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News: Glasgow Climate Pact makes no explicit mention of the critical role of urban areas in finding solutions to the climate problem. Once again, the challenges of cities have taken a backseat in global negotiations on climate change.
Why towns and cities will play a critical role in the fight against climate change?
– More people now live in towns and cities than in rural areas.
– Towns and cities are responsible for producing over three-quarters of the world’s carbon emissions that cause the climate to change.
– Additionally, urban areas are disproportionately located along coasts and rivers, highly exposed to climate-induced disasters such as floods and sea level rise.
– With over one in three urban residents living in slums and one in four earning less than $2 a day, cities also contain vast numbers of people who lack the capacity to withstand the impacts of a changing climate.
What are some potential negative implications of climate change on the urban population?
Climate disasters faced by Indian cities: From past few years, Indian cities have faced the brunt of the climate change.
– Floods in Chennai (this month and in 2015)
– Heatwaves (such as the one in Ahmedabad in 2010)
– Water scarcity (such as in Maharashtra in 2016 when the water had to be shipped in on trains
Deteriorating health of urban residents due to changing disease patterns
An increase in violence due to extreme heat
As a result of all of the above, the overall reduced wellbeing of city dwellers and an impact on the economic productivity of urban areas that currently account for over 80% of the world’s GDP.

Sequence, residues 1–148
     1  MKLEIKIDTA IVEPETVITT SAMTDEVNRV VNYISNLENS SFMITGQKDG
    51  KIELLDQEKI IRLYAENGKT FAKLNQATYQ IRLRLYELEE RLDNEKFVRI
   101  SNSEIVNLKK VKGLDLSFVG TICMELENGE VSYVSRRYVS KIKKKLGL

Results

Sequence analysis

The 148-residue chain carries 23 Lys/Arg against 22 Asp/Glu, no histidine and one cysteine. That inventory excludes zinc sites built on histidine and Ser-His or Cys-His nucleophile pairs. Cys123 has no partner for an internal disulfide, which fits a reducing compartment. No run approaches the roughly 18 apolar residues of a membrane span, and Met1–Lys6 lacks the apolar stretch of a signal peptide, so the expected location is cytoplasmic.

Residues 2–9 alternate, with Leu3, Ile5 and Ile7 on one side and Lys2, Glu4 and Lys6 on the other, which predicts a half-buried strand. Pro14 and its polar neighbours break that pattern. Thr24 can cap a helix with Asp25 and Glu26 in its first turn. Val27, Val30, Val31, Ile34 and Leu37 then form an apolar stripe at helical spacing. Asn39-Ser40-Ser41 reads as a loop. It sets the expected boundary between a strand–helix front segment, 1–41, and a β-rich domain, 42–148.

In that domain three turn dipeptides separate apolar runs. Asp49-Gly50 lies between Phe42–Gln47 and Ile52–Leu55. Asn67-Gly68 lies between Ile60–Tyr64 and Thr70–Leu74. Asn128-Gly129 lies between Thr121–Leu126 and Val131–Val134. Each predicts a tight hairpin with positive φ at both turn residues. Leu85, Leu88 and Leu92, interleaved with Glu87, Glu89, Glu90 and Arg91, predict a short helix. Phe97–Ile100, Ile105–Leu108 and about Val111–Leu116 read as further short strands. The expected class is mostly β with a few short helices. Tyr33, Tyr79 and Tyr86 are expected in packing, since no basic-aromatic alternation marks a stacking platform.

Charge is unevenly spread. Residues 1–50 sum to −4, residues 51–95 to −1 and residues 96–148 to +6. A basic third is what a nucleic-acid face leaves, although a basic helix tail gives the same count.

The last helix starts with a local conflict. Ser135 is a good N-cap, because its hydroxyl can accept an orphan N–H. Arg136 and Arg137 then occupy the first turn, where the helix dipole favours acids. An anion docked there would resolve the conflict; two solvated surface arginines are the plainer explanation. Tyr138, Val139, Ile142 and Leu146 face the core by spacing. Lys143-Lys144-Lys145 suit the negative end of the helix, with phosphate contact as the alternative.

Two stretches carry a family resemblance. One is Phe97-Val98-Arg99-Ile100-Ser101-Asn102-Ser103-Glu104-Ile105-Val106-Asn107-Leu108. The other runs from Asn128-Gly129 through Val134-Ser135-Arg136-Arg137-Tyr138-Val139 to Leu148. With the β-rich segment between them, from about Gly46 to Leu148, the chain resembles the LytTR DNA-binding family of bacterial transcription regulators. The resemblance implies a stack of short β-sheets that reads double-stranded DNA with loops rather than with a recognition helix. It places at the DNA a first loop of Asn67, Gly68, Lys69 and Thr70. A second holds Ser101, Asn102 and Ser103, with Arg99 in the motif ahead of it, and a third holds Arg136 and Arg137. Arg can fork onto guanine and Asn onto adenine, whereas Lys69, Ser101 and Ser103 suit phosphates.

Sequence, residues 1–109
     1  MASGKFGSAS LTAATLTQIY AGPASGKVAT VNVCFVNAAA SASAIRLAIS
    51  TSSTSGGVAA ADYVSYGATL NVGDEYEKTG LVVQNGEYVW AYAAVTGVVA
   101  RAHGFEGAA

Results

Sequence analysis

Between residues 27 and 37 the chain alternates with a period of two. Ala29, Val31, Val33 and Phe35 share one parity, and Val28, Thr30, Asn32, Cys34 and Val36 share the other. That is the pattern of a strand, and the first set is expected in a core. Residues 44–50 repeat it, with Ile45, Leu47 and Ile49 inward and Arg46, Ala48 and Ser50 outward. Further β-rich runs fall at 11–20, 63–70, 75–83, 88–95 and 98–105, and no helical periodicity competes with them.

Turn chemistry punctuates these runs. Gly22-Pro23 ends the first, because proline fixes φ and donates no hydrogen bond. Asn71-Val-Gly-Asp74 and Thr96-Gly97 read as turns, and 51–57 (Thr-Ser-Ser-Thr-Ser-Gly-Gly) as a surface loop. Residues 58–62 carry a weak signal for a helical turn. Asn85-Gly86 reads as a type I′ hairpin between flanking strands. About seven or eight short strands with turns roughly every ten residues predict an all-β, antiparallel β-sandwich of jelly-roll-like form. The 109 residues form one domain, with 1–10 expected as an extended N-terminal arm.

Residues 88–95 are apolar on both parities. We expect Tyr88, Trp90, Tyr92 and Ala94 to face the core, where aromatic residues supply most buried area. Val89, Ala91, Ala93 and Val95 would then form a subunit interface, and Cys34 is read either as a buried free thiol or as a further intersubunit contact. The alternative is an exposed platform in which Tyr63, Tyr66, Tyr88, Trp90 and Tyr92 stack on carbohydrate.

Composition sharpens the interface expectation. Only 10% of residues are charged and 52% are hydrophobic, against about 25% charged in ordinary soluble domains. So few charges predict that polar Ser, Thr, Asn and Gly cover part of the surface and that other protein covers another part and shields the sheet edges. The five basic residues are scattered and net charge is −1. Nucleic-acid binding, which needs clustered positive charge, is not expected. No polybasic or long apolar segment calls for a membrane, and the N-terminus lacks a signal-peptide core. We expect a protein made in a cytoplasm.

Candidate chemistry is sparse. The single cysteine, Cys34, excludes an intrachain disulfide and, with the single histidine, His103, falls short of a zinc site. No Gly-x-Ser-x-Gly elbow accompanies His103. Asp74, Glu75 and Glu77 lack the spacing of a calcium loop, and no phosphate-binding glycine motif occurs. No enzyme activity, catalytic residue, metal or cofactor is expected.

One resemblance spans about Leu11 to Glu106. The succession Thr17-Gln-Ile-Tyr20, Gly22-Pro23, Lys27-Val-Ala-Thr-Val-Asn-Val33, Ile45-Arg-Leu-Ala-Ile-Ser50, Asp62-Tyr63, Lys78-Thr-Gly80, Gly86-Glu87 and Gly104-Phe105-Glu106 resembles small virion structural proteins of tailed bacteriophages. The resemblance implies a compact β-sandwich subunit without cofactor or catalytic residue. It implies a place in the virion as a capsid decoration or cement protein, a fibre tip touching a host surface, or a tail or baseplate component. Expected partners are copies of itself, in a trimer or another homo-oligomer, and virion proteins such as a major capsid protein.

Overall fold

What is the way forward?
Consultations with city residents: Comprehensive climate action plans need to be produced through genuine consultation with a wide cross-section of urban residents. For instance,
– Odisha: Innovative public-private partnerships between municipal bodies in Odisha and research institutions. This has led to an improved understanding of practical steps that can be taken to reduce emissions and build resilience in cities.
Role of state govt: The role of state governments is critical. They must ensure that all departments work together to make urban climate action a reality. A good example of this is Maharashtra’s recent commitment to ensure that 43 cities in the state systematically reduce emissions.
Addressing problems of the urban poor: Our cities are fueled by those living in slums and working in the informal economy. Unfortunately, they are the ones disproportionately affected by a changing climate. Therefore, any move to help cities deal with climate change must have their interests at its core.
Climate finance: A key component of equipping cities to deal with climate change is the provision of finance. Time and time again, including this year’s COP has proved that international climate finance is not a certainty. Hence, our state governments must enable cities to generate their own streams of finance for tackling climate change. This can be done via:
– issuing municipal green bonds: These have been used by cities such as Cape Town to raise large amounts of money to deal with crippling water scarcity. Cities such as Pune have issued bonds in the past, but there is a lack of understanding and most cities also lack the basic financial systems for issuing these. The international community must share lessons in such innovative climate finance approaches.
Source: This post is based on the article “Why Cities Must Lead The Climate Battle” published in TOI on 23rd Nov 2021.